Thursday, 28 January 2016

Dyeing Fabrics - Types of Dye

  • Dyeing is the permanent application of a colourant to a fibre to give a uniform colour
  • The colourant must be able to be absorbed by, or react with, the textile fibre
  • Must be soluble so it can get into the spaces between the fibre molecules
Direct Dyes
  • soluble in water
  • used for viscose, cotton and modal fibres
  • moderate light fastness
  • poor wash fastness
  • salt can be added to help fibres absorb the dye
Reactive Dyes
  • soluble in water
  • forms a strong chemical bond with cellulosic and protein fibres
  • produces bright colours that have good wash fastness
Vat Dyes
  • not soluble in water
  • excellent wash and light fastness
  • can produce indigo dye
  • a lot of indigo dye sits on top of the fibre rather than being absorbed into it, causing it to rub off onto other fabrics and lose some colour when washed
  • to get the dye into the fabric, it has to be converted into a soluble form by removing oxygen
  • once the dye is in the fibre it’s converted back into its insoluble form by oxidation, making the molecules too big to get out of the fibre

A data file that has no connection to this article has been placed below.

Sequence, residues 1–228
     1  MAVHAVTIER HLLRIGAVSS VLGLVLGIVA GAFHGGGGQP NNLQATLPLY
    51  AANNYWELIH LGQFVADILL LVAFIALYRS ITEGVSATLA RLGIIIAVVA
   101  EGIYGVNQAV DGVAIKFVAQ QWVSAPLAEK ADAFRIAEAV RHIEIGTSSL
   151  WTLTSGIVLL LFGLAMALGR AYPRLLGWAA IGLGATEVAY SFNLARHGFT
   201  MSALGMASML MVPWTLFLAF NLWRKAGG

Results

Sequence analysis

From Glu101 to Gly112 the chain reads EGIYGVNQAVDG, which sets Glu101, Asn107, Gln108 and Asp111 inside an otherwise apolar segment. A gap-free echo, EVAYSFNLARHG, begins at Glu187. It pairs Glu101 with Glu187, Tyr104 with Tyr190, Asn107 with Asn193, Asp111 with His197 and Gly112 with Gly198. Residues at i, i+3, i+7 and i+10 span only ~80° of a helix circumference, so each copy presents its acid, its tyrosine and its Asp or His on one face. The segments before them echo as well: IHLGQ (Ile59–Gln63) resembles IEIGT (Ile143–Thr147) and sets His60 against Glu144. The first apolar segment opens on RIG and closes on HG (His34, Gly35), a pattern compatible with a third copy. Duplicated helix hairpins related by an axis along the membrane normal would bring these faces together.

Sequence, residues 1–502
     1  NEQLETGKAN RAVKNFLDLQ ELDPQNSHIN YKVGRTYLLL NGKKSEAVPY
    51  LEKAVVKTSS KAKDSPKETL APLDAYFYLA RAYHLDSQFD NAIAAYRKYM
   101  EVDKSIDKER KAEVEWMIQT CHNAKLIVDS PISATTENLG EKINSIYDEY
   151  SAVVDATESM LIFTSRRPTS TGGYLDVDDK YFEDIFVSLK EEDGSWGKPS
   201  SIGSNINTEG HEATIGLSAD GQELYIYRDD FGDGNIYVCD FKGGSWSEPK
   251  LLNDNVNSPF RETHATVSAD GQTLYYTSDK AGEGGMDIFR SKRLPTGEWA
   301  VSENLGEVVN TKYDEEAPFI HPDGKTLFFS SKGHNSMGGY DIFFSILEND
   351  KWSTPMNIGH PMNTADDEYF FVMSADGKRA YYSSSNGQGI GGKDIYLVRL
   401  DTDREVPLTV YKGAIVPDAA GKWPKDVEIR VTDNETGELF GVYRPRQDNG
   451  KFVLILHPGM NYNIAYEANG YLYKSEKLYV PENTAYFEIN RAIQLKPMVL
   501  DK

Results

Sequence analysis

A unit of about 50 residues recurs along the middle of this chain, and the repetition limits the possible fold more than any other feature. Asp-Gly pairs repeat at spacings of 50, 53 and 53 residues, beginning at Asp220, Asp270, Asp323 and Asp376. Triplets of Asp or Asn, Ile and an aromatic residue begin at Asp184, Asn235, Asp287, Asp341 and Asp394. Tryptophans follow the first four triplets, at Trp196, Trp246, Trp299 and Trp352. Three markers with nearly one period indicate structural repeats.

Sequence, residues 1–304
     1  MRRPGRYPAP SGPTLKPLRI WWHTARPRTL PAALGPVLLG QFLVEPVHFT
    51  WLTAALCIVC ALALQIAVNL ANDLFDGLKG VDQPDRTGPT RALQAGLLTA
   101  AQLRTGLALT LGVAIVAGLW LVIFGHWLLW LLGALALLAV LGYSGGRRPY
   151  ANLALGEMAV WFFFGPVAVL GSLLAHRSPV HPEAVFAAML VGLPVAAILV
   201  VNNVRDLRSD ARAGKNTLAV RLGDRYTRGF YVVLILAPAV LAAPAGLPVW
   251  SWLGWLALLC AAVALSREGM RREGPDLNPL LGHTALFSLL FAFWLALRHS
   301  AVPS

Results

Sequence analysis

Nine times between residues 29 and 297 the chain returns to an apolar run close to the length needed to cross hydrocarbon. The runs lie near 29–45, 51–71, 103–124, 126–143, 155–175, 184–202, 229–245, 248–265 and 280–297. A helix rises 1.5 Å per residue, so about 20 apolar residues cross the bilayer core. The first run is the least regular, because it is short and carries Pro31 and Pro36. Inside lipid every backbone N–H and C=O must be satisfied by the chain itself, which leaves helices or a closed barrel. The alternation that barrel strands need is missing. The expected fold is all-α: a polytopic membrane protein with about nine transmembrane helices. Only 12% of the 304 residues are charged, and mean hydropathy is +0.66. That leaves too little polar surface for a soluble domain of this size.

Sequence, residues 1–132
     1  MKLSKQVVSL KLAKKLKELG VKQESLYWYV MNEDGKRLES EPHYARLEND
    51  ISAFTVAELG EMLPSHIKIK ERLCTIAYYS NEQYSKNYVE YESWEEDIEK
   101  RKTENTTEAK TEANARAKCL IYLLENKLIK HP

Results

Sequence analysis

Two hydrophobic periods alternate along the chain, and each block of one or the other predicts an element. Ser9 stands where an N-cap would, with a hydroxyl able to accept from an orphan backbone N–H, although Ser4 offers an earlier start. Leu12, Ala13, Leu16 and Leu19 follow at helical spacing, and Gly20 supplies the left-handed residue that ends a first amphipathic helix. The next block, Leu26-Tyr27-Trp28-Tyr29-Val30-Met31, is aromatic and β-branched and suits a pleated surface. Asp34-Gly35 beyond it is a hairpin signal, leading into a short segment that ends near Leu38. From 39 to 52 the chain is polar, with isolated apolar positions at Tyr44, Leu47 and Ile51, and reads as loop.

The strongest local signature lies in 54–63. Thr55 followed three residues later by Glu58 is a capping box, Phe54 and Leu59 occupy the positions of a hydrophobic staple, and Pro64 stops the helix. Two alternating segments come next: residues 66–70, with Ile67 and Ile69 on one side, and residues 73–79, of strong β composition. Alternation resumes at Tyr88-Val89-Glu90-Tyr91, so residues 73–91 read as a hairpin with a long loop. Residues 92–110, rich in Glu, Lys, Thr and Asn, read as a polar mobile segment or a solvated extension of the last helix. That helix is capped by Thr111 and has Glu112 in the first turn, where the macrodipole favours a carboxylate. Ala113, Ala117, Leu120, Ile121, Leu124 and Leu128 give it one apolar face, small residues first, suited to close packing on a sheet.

Disperse Dyes
  • used to dye fibres with hydrophobic properties
  • almost insoluble in water
  • applied to fibre in the form of a fine aqueous dispersion
  • held inside fibres by chemical bonds
Acid Dyes
  • soluble in water
  • applied to fabric in an acidic dye bath
  • good light fastness
  • wash fastness varies
Solvent Dyes
  • were created as water usage and disposal of dyes in an environmentally friendly way is expensive
  • uses organic solvents instead of water
  • however, solvent dyes are very expensive and there is cost involved in recovering the organic solvent to use again
  • equipment can be expensive
  • not very economical
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